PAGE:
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Showing posts from 2015

Stress Management Over 40

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Revisit Your Own Idealism to Handle Work Stress What are the best ways to handle stress as a baby boomer still dealing with demanding clients, high-pressure days and daily operation in the thick of the rat race? When your kids are grown up, when bar-hopping after work with colleagues is too unhealthy an option, and when retirement is not in your plans any time in the foreseeable future, how do you unwind? The answer may be to revisit who you were at 15 or 20. The seeds of old dreams are still there, sitting in time capsules waiting to be opened and reclaimed. The difference now is that you can actually pursue them.

Dialing Down Stress Means Focusing on Positive Mechanisms
The "fight and flight" instinct that helped you respond so well to emergencies and perform so well at work for so long is actually on a timer. The stress response has an effect on our bodies in a way that can compromise health and well-being in a very big way. According to the American Psychological Associa…

Walking in a Wildlife Sanctuary Across the Lake from a City

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A Bird Sanctuary as Well as a Healthy Getaway for City Dwellers
Have you ever walked just outside a city's perimeter where the air is so fresh that you feel dizzy? At Leslie Spit/ Tommy Thompson Park on the waters of Lake Ontario, it is possible to completely escape the air pollution of 3-million strong Toronto just a short distance away. You are literally on the water looking into the city from across a lake. The fresh breeze that blows across the lake feels fresh and pollution-free.

Tommy Thompson Park is a former dump site that grew into a wildlife bird sanctuary on an isthmus in Toronto. It is entirely human-made. As described in its history, "the natural processes that evolved during the long construction and planning of the site had shaped [the park] into a truly "accidental wilderness".   A map from toronto-wildlife.com shows where the park is situated in relation to the City of Toronto.


Leave It For The Birds
If you walk the 2+ hours to the end of the Spit, y…

The Real Meaning of Farm to Table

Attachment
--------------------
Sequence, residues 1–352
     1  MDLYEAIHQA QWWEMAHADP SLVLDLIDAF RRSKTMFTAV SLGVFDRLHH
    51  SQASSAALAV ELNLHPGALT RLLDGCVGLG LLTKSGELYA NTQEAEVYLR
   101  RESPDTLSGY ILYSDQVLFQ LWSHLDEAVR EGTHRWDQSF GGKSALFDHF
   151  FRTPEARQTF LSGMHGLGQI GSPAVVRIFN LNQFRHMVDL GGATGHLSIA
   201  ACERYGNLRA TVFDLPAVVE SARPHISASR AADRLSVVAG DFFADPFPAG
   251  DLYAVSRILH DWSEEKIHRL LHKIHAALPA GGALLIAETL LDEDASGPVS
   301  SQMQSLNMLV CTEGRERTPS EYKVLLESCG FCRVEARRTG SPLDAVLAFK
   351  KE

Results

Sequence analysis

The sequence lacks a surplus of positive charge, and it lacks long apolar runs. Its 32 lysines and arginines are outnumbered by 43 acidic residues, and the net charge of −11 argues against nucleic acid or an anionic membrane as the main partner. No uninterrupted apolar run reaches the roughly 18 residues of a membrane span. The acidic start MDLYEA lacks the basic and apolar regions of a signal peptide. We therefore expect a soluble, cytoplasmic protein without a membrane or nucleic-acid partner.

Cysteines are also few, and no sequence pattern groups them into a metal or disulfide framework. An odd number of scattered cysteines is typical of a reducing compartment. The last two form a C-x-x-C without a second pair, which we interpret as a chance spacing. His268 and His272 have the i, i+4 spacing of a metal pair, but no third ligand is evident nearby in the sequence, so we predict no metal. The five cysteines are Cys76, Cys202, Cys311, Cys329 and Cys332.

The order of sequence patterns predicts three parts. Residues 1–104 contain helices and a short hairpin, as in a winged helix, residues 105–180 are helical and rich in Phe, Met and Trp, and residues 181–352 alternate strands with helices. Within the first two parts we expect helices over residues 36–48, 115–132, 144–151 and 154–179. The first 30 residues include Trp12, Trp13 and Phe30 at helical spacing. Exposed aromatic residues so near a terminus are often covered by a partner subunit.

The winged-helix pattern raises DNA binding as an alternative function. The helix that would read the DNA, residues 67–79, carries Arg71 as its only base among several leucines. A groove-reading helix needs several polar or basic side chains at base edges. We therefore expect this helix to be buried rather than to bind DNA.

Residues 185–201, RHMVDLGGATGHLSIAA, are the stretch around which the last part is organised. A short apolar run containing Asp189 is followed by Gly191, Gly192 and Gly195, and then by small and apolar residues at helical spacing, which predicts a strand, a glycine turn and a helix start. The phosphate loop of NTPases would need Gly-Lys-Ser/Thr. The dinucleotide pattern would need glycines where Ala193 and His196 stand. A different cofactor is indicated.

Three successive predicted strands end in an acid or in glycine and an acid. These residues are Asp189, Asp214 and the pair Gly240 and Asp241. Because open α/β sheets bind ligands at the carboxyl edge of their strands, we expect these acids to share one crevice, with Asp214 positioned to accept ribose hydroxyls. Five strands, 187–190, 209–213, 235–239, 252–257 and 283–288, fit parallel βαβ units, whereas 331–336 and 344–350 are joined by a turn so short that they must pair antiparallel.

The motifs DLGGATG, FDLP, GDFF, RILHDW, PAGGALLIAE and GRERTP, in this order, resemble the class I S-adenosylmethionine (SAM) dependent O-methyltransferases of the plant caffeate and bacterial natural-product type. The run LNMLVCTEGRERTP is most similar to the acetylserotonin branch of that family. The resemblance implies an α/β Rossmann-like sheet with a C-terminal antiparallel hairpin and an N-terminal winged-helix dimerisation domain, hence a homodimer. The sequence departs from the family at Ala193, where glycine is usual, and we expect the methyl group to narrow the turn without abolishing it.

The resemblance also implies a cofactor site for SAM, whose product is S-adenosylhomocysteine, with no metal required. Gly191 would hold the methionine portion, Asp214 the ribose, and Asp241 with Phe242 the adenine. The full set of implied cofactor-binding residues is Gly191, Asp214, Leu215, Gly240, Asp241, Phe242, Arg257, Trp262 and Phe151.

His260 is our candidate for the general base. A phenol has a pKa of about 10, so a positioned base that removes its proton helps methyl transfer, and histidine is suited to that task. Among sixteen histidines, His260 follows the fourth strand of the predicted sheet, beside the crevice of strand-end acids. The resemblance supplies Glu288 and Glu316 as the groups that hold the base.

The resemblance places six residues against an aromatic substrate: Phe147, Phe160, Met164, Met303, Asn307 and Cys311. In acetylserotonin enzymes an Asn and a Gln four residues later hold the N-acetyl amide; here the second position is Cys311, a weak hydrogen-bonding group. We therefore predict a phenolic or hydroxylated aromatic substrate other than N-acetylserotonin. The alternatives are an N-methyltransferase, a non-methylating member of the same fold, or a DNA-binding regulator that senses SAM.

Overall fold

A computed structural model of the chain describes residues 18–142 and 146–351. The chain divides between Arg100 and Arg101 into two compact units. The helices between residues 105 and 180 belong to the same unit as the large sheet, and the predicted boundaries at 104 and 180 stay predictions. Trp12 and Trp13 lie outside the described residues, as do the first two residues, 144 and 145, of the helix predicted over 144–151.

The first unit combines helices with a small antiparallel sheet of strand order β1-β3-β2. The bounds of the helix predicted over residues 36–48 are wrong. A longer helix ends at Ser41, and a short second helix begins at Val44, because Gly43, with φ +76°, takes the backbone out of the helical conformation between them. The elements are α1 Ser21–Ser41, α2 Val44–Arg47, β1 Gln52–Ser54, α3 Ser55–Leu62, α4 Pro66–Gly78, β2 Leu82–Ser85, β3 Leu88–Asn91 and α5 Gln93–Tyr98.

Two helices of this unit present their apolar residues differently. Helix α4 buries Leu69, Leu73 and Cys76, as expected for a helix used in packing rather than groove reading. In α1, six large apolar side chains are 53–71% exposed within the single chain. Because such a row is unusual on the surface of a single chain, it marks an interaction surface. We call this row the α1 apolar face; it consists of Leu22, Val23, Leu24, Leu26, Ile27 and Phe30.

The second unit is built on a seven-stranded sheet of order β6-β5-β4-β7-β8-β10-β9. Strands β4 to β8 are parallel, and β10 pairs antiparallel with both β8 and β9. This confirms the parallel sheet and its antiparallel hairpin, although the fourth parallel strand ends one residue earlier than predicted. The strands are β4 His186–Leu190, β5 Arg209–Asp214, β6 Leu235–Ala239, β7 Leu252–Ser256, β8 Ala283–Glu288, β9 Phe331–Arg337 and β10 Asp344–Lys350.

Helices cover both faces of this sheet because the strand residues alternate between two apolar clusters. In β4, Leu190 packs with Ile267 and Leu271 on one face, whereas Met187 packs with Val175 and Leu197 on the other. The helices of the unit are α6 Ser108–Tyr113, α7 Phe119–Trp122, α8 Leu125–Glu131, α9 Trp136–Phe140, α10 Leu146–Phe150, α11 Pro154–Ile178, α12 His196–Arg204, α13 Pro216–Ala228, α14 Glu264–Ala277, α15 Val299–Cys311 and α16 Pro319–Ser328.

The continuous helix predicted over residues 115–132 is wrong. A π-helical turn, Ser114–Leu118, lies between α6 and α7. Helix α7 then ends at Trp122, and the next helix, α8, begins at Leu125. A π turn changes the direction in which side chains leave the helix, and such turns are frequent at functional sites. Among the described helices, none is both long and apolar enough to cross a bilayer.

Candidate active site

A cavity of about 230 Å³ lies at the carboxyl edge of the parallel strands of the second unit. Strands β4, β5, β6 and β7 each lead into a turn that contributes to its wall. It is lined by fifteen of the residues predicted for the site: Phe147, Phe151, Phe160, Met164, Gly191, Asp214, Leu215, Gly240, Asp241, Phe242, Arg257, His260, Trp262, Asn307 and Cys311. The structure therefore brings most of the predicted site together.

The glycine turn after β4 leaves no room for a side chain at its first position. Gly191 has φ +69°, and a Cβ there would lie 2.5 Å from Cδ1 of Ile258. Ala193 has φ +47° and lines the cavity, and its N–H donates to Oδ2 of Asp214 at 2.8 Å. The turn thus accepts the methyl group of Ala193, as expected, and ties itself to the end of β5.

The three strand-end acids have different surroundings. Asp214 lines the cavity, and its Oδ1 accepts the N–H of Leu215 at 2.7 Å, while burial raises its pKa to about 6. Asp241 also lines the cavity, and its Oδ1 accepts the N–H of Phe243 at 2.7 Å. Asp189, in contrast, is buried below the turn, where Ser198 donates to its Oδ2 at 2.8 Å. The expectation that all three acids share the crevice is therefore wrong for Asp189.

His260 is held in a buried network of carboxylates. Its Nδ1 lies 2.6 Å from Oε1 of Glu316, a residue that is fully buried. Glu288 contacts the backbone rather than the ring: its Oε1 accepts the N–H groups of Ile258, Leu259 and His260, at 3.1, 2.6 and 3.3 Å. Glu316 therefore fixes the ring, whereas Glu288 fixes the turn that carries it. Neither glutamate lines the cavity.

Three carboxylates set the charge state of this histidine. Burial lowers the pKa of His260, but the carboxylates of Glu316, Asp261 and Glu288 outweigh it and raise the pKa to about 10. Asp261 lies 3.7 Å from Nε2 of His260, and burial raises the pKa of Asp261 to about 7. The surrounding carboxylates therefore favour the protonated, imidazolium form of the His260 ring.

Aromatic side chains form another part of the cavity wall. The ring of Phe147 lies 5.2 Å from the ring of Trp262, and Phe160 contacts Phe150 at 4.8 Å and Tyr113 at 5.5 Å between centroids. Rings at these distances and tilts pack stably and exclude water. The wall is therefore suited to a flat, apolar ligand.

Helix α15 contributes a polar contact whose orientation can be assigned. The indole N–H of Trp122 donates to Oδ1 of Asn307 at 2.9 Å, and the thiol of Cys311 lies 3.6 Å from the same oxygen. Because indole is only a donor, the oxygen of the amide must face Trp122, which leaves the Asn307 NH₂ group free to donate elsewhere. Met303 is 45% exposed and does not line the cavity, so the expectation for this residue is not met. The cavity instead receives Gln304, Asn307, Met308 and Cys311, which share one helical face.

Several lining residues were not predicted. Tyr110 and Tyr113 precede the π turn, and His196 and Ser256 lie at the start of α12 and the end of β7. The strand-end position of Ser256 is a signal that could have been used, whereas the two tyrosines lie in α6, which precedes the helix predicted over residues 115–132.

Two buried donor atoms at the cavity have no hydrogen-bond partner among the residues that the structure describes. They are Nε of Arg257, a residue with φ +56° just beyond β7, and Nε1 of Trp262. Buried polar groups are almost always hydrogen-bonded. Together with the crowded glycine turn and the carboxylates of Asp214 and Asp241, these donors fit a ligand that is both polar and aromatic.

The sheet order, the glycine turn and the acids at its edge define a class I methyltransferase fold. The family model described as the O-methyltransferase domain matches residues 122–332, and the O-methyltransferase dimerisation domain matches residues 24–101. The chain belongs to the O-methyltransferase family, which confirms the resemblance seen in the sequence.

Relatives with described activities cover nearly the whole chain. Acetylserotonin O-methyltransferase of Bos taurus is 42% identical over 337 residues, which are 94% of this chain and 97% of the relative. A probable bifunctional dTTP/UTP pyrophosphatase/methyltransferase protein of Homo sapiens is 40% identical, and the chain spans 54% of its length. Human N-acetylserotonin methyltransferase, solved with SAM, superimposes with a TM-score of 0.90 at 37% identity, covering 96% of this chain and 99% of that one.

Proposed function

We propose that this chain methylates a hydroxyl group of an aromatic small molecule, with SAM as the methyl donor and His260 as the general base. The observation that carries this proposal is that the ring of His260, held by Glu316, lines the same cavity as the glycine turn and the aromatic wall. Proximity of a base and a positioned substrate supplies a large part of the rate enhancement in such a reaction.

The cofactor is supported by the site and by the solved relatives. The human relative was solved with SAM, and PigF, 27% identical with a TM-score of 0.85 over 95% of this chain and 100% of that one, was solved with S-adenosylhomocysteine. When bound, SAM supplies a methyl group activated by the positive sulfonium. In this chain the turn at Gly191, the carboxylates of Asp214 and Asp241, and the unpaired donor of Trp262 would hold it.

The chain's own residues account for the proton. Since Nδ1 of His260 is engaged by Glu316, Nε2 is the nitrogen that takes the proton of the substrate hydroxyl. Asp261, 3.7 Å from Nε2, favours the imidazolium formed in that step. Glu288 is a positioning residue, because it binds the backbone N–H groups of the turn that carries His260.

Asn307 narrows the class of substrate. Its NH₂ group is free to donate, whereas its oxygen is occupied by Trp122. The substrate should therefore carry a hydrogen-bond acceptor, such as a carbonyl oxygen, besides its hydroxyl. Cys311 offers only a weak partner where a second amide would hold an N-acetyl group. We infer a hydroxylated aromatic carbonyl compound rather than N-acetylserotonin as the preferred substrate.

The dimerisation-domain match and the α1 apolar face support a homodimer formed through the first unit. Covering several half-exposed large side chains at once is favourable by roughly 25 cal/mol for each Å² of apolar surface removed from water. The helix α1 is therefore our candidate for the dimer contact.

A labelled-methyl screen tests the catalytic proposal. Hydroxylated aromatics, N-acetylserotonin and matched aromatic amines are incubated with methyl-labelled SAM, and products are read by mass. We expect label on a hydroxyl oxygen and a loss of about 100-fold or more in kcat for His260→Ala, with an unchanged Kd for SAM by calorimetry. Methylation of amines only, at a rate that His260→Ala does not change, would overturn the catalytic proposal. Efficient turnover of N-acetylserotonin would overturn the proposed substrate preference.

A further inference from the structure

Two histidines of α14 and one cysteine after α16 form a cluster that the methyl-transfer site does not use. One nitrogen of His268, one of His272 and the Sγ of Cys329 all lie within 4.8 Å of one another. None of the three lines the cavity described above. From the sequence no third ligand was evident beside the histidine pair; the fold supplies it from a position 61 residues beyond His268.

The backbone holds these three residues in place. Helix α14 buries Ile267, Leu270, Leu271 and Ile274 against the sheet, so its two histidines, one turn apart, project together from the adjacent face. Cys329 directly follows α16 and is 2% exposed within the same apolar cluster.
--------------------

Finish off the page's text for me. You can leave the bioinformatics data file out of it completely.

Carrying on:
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Declining Number of Fruit Farms in Niagara Region Affect Supply

Whenever I eat a fresh peach, cherry, plum, nectarine or pear in Niagara in the summertime, I notice how much better it tastes than the fruit I buy at home in Toronto stores, just an hour and a half's drive north.

If Niagara fruit farms still exist (which I found they do) why can't we purchase their produce in the urban outlets in Toronto? When I tried to find out more, I found a great list of fruit farms in the Niagara area, as well as another helpful resource about where to pick your own fruits and vegetables in the Niagara region, but no real explanation of why this natural wealth isn't part of the major distribution networks supplying our urban supermarkets.


It turns out that many of the various fruit orchards that filled the Niagara countryside have become endless rows of grape vines. If the larger Niagara fruit farms were supplanted by the needs of the grape-growing and winery industries in the Niagara …

How to Handle Seasonal Affective Disorder (SAD)

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The Effects of Sun Deprivation After getting through the -25 C (-13 F) cold spell last week, conversation among a few of us who live in the world's northern hemisphere turned to SAD, or Seasonal Affective Disorder. The effects of sun deprivation in the long winter months can include:
loss of energydecreased desire to socializeshort-term memory lossfatiguedepression We don't always need to read an article to know that our energy levels are waning annually around mid February to early March. But Seasonal Affective Disorder is very real for people who experience prolonged depression every winter. Approximately 2-3% of Canadians experience the full effects of SAD, and 15% experience a milder form of it. It is estimated by NHS Choices that SAD affects about 2 million people in the UK, and more than 12 million people across Northern Europe. According to Psych Central, approximately half a million Americans are affected by SAD.

Sun deprivation is also associated with Vitamin D deficie…

Anger and Social Change

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Angry Film Characters in Winter Sleep and Corbo Profoundly Affect Those Closest to Them In two completely different films produced in different cultures about different political eras, a deep-seated anger spills over to affect and take root in central characters who dominate the story. These two films share the same root element of misplaced anger causing social change that goes wrong. The anger, pain and disappointment in the protagonists slowly move central characters into zones of irrationality, while their own repressed anger causes them to carry on unaware of the effect that they have on people around them. The two films were screened at the Toronto International Film Festival (TIFF) in January 2015.

In Winter Sleep, directed by Nuri Bilge Ceylan and set in a small village in Cappadocia, a failed actor controls others through his education and amassed wealth as a landowner, oblivious to the debilitating poverty around him. He has a particularly suffocating effect on his young wi…